William Shakespeare wrote the following:
“All the world’s a stage, and all the men and women merely players: they have their exits and their entrances”
Sandra Gulland’s new book, The Shadow Queen is about the roles we play in life, on and off stage. Claudette is the daughter of impoverished actors in 17th century France. Her mother has an astonishing rise in status, becoming one of the most recognized performers of the day. Even though Claudette is in close quarters with Moliere and other playwrights of the era, she and anyone associated with players are outside of what was considered to be respectable society.
As a girl, Claudette has a chance encounter with Athenais de Montespan, the daughter of a wealthy and powerful aristocrat. Years later, Claudette again finds herself in again in close contact with Athenais, who has become mistress of Louis XIV. Known as the Shadow Queen, Athenais persuades Claudette to become personal attendant. Drawn in by the idea of wealth and respectability, Claudette gives up the theater, but finds that being at court is like being on the stage. She soon discovers that her mistress will do anything to keep the King’s favor and discredit any other woman who would dare to take her place in the King’s bed.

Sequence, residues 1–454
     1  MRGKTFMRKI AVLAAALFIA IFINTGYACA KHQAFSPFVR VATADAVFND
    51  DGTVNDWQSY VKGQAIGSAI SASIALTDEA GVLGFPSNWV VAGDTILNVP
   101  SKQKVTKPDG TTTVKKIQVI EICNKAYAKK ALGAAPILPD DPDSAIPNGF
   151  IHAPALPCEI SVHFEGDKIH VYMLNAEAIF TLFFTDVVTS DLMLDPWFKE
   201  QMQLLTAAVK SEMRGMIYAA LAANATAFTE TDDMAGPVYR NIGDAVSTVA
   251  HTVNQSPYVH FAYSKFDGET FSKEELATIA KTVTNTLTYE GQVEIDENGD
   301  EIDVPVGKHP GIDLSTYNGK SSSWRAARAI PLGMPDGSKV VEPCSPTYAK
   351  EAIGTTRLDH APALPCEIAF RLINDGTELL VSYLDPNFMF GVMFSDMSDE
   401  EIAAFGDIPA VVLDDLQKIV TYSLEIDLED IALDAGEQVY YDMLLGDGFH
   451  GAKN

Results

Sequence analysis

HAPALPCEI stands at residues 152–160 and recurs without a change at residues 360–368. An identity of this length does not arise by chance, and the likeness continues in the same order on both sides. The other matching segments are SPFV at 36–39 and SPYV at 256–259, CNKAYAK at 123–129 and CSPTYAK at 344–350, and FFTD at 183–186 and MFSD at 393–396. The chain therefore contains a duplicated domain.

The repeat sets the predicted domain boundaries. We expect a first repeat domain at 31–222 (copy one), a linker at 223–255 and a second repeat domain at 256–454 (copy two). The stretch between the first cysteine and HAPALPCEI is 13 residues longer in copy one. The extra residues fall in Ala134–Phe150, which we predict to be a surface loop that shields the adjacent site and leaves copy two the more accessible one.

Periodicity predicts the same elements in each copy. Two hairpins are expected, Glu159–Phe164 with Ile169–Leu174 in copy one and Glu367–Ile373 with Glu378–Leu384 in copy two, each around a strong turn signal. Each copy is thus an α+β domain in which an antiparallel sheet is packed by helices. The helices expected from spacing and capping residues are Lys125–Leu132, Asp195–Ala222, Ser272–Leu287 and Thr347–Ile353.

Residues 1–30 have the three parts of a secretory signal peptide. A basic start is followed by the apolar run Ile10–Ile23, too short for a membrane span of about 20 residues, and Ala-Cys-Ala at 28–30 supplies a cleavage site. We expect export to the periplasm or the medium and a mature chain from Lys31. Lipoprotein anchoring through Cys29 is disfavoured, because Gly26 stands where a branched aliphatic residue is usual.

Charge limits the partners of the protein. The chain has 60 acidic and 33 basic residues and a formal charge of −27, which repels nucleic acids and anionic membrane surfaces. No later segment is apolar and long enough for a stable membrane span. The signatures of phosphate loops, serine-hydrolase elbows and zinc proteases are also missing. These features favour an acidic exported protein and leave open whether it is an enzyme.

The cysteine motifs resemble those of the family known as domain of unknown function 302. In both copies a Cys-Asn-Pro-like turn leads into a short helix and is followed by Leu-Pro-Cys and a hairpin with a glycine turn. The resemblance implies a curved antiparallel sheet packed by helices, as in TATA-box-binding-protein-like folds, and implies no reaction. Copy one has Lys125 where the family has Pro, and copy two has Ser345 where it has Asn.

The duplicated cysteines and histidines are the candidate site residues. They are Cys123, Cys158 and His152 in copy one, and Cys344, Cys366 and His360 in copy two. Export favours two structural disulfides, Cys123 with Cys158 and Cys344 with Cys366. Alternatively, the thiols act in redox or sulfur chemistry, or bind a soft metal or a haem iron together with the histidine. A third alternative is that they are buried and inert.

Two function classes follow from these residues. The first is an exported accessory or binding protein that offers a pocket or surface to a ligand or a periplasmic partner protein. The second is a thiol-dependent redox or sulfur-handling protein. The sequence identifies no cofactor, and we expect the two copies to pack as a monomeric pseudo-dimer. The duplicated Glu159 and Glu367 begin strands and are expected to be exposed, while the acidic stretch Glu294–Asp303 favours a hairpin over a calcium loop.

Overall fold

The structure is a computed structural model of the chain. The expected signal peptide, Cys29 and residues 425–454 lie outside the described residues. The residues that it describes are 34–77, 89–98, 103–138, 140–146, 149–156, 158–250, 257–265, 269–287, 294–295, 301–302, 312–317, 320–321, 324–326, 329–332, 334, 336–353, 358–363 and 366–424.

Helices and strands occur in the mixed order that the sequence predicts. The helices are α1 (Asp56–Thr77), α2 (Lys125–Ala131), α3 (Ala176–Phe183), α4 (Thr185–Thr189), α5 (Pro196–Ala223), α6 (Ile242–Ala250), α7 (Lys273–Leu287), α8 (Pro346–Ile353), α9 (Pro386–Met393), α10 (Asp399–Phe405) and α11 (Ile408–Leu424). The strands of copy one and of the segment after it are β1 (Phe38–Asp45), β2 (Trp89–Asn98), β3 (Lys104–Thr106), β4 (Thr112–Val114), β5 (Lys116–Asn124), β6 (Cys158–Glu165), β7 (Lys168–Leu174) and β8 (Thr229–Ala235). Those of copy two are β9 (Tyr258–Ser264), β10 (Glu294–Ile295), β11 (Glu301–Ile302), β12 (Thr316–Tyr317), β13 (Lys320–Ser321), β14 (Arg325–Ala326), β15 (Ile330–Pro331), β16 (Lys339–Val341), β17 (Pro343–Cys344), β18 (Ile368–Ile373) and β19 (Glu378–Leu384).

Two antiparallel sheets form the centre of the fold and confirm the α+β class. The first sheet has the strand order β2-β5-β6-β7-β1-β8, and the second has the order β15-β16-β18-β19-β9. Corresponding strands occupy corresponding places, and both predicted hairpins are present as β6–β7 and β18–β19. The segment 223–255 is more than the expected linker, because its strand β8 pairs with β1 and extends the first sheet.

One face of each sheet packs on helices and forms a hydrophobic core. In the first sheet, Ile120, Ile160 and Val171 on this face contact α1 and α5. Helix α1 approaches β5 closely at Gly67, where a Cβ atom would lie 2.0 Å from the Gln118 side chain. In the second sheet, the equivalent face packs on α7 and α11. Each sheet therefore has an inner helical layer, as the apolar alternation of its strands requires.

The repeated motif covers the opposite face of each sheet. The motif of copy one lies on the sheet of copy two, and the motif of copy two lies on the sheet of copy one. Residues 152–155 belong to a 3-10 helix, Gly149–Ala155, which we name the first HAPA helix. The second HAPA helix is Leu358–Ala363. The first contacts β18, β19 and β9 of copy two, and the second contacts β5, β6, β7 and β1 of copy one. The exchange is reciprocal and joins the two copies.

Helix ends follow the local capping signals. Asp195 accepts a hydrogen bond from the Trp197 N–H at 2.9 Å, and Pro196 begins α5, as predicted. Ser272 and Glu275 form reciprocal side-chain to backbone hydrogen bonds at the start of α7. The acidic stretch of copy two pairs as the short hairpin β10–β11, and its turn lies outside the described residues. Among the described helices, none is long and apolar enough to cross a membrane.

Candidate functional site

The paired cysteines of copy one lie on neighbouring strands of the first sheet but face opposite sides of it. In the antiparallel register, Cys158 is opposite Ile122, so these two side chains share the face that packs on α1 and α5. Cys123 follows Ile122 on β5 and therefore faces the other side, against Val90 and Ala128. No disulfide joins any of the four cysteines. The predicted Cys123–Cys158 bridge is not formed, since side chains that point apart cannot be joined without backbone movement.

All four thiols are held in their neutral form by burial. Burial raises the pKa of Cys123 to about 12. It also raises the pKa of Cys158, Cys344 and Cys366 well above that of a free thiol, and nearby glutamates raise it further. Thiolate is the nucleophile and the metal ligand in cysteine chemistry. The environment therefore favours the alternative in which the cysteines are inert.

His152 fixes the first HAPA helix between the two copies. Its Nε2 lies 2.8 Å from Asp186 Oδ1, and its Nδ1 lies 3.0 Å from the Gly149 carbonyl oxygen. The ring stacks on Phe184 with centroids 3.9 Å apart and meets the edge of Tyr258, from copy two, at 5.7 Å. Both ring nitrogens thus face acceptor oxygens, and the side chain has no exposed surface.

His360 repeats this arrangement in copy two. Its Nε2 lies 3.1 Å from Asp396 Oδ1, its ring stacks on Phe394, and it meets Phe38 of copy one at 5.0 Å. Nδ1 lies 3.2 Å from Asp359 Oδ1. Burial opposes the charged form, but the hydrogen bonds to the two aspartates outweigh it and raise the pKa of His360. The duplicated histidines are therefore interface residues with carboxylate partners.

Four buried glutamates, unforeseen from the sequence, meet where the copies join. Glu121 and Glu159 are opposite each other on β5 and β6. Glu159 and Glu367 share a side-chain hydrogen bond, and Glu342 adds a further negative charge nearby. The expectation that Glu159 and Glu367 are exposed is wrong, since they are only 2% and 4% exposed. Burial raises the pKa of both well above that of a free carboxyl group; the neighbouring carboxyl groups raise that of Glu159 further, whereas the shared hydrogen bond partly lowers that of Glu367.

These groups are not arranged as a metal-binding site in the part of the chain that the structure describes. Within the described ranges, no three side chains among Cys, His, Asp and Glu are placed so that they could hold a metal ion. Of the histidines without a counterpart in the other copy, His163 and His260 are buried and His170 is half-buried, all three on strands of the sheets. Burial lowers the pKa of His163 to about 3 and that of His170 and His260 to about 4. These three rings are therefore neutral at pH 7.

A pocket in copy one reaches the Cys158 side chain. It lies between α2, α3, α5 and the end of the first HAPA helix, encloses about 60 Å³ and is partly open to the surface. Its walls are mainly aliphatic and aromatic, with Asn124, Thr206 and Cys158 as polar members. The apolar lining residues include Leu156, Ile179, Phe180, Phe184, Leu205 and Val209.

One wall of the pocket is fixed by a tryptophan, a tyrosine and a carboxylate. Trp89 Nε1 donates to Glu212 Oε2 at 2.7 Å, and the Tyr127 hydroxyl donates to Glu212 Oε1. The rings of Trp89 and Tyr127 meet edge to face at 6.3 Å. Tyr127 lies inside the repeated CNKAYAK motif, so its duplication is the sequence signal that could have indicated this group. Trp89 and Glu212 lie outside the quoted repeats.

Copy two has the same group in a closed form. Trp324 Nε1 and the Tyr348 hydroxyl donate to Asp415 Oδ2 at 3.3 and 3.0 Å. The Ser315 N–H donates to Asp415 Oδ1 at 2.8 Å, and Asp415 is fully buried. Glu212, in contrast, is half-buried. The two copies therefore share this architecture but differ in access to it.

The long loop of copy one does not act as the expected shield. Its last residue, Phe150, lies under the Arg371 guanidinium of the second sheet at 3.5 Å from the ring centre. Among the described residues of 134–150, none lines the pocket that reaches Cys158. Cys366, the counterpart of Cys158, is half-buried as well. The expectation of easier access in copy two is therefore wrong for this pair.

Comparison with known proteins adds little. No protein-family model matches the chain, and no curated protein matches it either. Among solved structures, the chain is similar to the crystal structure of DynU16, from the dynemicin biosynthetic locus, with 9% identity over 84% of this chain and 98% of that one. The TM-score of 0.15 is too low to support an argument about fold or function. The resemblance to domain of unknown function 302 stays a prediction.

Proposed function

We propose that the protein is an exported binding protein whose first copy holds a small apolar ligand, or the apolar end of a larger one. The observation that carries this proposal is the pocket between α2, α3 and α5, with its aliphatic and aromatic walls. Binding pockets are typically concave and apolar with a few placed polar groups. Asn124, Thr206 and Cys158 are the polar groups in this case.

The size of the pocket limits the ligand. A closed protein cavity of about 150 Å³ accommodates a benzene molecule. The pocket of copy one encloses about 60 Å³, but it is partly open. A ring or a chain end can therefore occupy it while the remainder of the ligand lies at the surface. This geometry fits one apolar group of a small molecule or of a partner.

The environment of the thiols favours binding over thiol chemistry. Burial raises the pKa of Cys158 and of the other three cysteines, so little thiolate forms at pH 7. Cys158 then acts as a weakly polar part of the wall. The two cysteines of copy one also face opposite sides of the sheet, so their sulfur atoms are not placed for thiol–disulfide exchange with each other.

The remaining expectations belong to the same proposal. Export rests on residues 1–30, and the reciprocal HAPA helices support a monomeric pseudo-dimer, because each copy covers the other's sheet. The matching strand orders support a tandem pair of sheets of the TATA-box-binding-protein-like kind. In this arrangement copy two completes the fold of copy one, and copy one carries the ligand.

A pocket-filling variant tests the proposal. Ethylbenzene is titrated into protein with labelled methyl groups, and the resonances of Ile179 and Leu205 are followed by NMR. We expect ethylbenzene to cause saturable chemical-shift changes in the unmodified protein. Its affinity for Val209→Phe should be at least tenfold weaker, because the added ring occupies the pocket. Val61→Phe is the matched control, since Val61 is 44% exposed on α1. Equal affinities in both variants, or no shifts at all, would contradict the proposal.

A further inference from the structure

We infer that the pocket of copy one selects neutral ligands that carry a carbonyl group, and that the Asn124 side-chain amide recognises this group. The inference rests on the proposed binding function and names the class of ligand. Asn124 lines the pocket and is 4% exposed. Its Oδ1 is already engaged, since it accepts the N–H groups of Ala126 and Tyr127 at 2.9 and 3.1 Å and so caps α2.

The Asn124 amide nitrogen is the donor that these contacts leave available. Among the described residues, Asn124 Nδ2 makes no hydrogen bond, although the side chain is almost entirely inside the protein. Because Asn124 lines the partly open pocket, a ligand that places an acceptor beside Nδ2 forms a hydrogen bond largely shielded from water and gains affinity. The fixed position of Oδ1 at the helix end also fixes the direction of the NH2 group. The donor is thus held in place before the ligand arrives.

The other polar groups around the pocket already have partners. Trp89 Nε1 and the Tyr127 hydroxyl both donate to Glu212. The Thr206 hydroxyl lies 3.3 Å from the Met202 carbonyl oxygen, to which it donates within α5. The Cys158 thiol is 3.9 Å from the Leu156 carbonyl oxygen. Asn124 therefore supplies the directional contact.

Did I like this book? I’m not entirely sure. Ms. Gulland is a good writer, it was an easy read. She obviously did her research. But I wasn’t drawn in as much as I would have liked to be.
Do I recommend this book? I don’t know.